Blog

Weblog




The High Holidays: Moving People from “See You Next Year” to “See You All Year”

The High Holidays mean different things to different people. For some, attending services is a social gathering – a way to catch up with friends you may only see at High Holiday services. For others, it is simply an obligation – the one “Jewish” thing they may do all year. And for others still, it may have deeper meaning – starting a new year with a clean slate on a deeply spiritual level. Across the country, this last group is often the smallest, causing synagogue professionals and volunteers to scratch their heads and wonder how to create a deeper and more lasting relationship with more of their community. They seek to make coming to synagogue a more frequent and meaningful experience, and to find ways to take “three-day-a-year” Jews, and help them become “all-year” Jews.

Last night, SYNERGY: UJA-Federation and Synagogues Together, hosted JOI executive director Rabbi Kerry Olitzky, associate executive director Paul Golin, and senior director of training Eva Stern for a seminar entitled “High Holidays: How to Move Three-Day-a-Year Jews from ‘See You Next Year’ to ‘See You All Year.’” Dozens of Jewish communal professionals and lay leaders from the Greater New York area attended in person or via web conference. The evening’s focus was centered on how to not only welcome newcomers during the High Holidays, but also to further engage current members—those who are affiliated, but are not active—and demonstrate the genuine meaning and value that engagement in their communities can provide.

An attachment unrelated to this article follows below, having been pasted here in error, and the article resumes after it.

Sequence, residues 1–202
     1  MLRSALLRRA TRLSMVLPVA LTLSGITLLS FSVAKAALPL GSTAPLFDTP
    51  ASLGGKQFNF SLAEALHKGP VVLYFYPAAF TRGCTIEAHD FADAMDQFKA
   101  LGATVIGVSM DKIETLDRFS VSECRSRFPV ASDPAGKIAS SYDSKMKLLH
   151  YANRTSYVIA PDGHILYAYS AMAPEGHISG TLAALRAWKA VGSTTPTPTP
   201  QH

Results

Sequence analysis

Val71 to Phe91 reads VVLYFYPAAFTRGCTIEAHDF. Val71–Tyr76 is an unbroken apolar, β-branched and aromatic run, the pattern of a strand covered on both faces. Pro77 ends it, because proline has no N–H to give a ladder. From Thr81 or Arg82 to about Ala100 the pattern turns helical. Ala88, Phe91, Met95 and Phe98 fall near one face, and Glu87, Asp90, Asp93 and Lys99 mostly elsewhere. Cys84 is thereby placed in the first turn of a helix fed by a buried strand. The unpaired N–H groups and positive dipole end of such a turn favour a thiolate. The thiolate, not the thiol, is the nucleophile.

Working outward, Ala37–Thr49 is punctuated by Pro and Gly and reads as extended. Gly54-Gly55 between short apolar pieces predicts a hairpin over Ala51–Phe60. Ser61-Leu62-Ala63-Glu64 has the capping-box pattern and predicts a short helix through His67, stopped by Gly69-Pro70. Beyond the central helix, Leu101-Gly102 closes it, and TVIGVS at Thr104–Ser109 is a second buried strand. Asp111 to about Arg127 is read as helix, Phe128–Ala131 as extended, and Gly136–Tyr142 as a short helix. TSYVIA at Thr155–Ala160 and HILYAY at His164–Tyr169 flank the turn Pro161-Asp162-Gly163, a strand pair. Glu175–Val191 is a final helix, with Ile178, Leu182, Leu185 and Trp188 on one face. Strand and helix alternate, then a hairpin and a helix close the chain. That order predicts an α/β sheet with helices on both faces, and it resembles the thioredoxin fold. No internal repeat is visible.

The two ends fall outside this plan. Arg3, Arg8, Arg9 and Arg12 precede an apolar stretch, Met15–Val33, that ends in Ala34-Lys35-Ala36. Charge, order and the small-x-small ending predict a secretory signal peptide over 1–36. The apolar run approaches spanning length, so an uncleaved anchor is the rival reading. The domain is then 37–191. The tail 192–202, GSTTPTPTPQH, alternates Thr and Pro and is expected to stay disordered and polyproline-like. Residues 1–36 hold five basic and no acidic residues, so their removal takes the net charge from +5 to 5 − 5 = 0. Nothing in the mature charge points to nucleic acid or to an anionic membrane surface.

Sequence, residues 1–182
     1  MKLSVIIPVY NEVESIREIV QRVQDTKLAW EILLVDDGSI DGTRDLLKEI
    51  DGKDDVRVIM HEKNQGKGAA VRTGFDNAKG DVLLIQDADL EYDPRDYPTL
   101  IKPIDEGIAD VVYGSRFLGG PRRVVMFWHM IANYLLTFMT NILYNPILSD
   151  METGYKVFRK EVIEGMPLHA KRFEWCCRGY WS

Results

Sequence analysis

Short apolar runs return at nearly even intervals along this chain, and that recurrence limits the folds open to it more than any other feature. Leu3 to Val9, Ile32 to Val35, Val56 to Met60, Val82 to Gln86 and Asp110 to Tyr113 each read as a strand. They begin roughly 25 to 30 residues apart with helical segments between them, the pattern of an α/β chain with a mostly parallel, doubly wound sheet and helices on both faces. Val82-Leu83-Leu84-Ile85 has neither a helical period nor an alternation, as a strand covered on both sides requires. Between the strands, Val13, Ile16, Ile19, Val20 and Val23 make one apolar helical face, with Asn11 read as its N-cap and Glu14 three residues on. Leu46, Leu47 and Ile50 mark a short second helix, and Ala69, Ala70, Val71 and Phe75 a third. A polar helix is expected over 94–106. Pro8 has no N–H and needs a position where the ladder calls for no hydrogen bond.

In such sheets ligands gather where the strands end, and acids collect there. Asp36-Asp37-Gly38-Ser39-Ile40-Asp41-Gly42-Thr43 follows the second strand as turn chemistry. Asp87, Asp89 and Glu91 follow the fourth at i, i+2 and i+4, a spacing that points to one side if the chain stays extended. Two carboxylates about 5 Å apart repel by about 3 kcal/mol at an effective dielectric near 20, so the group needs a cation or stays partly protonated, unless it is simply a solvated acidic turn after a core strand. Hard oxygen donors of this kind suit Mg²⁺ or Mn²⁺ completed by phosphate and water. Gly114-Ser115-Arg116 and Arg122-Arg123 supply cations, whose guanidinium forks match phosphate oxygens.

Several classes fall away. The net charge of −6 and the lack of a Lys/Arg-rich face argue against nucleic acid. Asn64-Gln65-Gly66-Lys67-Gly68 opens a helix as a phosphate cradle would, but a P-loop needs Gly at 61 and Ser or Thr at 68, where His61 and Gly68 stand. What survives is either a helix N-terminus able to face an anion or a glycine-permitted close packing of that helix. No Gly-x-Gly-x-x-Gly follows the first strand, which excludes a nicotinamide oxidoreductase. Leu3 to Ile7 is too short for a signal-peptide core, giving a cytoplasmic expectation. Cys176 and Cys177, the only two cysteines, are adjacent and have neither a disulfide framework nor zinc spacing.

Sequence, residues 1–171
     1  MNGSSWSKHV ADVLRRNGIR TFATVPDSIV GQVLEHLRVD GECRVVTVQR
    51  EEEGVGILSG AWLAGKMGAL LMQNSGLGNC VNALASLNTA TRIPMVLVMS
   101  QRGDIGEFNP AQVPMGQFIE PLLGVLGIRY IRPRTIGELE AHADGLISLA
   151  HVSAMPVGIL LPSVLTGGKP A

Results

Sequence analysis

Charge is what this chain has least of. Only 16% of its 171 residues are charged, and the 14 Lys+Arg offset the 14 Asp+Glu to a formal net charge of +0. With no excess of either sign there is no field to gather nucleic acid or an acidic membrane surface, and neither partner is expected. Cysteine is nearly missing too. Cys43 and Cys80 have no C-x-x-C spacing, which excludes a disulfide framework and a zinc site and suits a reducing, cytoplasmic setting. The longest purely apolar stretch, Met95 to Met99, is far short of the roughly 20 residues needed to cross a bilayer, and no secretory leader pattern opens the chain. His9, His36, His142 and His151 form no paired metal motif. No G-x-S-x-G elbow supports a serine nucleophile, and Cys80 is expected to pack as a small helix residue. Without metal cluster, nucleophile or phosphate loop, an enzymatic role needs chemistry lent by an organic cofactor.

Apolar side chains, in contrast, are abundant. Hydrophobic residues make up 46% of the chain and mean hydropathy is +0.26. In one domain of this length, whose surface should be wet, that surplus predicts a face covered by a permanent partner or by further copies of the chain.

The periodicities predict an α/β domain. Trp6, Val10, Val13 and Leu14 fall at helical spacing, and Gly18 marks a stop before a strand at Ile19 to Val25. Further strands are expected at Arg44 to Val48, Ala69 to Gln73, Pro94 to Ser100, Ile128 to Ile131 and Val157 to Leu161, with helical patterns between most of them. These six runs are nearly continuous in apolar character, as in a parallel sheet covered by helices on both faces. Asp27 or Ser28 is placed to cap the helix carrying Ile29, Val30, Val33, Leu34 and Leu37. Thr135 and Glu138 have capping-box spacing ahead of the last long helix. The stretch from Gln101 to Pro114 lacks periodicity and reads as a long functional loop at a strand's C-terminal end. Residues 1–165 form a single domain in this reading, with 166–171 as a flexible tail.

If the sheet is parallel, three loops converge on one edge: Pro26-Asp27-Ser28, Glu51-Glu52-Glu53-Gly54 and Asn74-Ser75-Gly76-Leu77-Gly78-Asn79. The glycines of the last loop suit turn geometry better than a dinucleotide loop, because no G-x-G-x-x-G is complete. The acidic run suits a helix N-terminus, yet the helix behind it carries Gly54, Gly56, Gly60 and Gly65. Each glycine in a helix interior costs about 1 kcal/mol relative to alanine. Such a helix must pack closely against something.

Kerry began the evening discussing the current state of synagogue affiliation and engagement, highlighting that the model many synagogues currently follow needs some tweaking. The mentality that a synagogue’s members are there to support the synagogue needs to be turned around, so that the synagogue is there to support its members. Eva continued the conversation by providing concrete techniques to make the High Holidays not only more welcoming, but more fruitful in terms of future engagement. One suggestion was to look at the High Holiday services experience through the eyes of a newcomer. Many of us have attended the same synagogue for years, and know where to enter, where to sit, etc. But what if we were new? Would we know where to go, and would there be someone to ask? Answering these questions before the High Holidays could mean higher attendance, and more engagement down the line. Paul concluded the presentation by discussing the messaging communities transmit about the benefits in greater Jewish engagement.